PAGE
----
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Selling your old iPhone? Tips for big bucks

by Doug Delony / KHOU 11 News

khou.com

Posted on September 12, 2012 at 8:24 AM

Updated Wednesday, Sep 12 at 10:29 AM

HOUSTON – The new iPhone 5 is almost here, complete with a faster processor, larger screen, and more. This means plenty of people will be looking to upgrade.

If you’re looking to make some cash off your old phone, there’s good news for you: most smartphones hold their value pretty well. This is because buyers around the world like used devices that are not tied to a phone service contract.

There are several ways you can sell your old iPhone: Craigslist, eBay, Apple, various websites, and in-person at various stores. Some phone carriers are expected to offer trade-in and buy-back promotions as well.

So how can you get the most money for your used phone? Long story short: the least convenient methods typically pay the most.

The night before Apple’s iPhone 5 announcement, I went to various websites to see what they’d offer for an AT&T black iPhone 16gb in good condition (i.e. only light scratches):

>> Apple.com - $235*
>> Gazelle.com - $277*
>> Glyde.com - $325*
>> eBay.com – approx. $290*
>> Craigslist.org – asking price approx. $400

*Final amount after any applicable fees/costs

As you can see, selling your iPhone on your own through a website like Craigslist gives you the most money, but you have to meet a stranger, and it takes up your time. You’re also bound to use a little gas money and deal with some hagglers, so it’s up to you if it’s worth the trouble.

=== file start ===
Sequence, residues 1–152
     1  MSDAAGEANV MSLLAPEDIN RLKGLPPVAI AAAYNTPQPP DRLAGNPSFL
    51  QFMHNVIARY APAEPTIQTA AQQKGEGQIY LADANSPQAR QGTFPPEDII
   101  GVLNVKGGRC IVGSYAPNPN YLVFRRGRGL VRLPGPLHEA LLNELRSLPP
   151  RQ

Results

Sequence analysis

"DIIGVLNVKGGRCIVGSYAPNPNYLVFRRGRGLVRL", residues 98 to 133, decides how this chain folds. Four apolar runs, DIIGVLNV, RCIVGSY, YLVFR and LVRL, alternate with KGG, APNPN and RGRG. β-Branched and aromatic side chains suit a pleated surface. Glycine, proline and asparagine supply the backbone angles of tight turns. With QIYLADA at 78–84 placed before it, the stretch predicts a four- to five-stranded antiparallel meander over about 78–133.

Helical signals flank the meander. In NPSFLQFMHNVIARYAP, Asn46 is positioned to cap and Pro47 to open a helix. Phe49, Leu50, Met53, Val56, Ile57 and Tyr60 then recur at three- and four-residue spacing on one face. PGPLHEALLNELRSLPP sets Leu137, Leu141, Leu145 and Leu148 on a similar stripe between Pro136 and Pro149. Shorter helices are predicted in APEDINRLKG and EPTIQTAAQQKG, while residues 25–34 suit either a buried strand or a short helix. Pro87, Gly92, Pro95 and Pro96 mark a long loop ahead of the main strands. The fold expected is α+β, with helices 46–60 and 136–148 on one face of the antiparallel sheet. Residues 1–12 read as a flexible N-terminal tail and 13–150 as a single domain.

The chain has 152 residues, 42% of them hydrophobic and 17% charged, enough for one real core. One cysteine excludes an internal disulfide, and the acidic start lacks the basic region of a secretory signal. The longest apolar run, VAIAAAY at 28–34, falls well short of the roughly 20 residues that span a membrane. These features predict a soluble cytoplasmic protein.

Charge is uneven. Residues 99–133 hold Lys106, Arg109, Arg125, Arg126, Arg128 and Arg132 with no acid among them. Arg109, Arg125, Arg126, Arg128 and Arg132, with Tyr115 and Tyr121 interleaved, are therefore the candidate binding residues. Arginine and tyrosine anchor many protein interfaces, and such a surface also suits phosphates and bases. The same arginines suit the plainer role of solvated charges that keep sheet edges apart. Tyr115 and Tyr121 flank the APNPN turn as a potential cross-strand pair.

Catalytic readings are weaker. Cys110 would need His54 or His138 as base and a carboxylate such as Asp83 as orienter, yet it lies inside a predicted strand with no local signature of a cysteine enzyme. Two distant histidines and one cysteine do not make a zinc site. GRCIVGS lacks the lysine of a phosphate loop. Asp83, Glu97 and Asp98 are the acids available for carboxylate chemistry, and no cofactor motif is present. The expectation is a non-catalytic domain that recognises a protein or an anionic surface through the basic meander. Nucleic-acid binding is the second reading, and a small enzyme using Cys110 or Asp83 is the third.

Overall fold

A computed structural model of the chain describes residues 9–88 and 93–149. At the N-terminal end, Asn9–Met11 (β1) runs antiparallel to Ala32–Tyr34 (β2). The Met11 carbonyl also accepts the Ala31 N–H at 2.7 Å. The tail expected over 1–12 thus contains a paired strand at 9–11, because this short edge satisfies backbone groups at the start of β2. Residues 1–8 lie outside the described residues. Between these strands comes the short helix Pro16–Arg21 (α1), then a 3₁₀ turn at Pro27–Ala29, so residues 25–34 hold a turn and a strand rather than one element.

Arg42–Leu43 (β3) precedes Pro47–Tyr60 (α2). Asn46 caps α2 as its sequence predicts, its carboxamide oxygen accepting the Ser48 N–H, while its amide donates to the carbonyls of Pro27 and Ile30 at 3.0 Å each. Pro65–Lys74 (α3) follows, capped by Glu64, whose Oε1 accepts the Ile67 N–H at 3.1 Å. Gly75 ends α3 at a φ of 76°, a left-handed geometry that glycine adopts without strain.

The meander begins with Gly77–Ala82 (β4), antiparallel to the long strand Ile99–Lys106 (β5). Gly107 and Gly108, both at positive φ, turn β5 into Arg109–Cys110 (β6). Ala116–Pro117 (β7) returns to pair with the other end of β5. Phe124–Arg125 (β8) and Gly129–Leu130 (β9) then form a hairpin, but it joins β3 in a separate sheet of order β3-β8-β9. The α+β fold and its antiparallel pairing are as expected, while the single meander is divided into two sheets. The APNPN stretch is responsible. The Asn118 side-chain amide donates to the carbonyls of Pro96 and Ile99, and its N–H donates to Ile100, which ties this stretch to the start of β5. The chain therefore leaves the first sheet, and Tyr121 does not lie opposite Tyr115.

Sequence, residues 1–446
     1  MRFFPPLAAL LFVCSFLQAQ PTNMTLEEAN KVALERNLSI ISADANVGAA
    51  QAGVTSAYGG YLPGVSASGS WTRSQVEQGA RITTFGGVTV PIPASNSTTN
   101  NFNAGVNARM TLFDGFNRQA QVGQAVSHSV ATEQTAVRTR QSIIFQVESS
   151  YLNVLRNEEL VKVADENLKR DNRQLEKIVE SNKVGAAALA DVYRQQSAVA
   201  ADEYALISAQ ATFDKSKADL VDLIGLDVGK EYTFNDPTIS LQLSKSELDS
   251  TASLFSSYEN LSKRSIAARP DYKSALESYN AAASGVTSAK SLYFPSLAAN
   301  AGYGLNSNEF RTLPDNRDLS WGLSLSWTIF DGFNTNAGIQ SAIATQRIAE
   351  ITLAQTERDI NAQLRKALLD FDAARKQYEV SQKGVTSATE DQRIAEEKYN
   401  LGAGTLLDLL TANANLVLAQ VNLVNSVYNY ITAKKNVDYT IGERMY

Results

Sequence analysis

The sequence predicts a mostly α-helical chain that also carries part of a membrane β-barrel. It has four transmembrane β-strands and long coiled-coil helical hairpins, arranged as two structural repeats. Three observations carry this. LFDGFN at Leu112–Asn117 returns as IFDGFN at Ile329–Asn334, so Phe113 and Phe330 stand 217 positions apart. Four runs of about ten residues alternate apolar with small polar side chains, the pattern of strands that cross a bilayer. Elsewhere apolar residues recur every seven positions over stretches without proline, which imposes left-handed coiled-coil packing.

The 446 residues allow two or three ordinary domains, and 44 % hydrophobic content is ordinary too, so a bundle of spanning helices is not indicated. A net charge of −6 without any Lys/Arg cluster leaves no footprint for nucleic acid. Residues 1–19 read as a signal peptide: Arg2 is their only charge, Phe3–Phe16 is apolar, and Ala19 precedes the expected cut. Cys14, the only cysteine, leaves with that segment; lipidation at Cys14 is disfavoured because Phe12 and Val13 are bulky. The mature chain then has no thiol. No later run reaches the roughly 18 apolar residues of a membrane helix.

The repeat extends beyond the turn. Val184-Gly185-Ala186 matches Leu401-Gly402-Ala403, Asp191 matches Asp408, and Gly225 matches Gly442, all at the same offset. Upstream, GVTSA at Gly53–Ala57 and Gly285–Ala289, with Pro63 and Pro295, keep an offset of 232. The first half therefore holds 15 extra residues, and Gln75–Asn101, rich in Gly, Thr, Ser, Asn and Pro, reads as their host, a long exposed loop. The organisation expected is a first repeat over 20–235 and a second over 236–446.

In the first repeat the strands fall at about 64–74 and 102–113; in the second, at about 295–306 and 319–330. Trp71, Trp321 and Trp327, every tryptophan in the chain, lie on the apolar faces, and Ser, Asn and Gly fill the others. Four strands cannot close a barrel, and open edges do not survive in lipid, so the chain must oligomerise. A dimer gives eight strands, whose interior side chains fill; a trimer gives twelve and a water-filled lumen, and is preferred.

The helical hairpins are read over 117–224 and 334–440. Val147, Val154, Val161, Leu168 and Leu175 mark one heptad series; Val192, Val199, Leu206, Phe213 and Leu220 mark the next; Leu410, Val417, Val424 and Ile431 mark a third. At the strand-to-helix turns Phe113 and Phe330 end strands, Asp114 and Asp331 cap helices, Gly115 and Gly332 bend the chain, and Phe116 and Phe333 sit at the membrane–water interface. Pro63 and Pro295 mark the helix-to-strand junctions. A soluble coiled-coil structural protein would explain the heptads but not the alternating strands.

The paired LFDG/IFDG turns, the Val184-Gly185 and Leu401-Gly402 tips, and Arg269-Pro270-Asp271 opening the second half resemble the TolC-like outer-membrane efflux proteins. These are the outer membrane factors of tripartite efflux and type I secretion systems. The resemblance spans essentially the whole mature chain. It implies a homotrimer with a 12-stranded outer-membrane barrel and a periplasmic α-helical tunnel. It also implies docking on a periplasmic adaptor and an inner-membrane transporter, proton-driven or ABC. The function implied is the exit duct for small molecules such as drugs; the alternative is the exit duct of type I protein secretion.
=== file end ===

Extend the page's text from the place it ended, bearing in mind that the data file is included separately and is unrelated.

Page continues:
Some of the easier methods, including Glyde and Gazelle, send you a “kit” in the mail, including a postage-paid box you put your phone in to send back to them. They then cut you a check.

Before you sell your phone, check out these tips:

>> Use iTunes to format the device and remove your personal data
>> Remove the SIM card as it is tied to your cell number
>> Don’t meet a stranger by yourself
>> Don’t accept a check or money order -- cash is best when in-person

There are plenty of scammers out there ready to make victims out of iPhone sellers and buyers. So be smart! If a deal sounds too good to be true, it probably is. For instance, if a website offers you $600 for your old phone, do a Google search on them and look them on the BBB’s website.

If you’re planning on buying a used smartphone, I recommend you meet the seller at your phone carrier's store and activate it on the spot. This ensures your device isn’t stolen, locked, or damaged. If the seller won’t meet you there or doesn’t have a good online reputation, don’t do business with them.

Questions? Comments? Feel free to reach out to Doug on Facebook (facebook.com/KHOUDougDelony) or Twitter (@DougDelonyKHOU)

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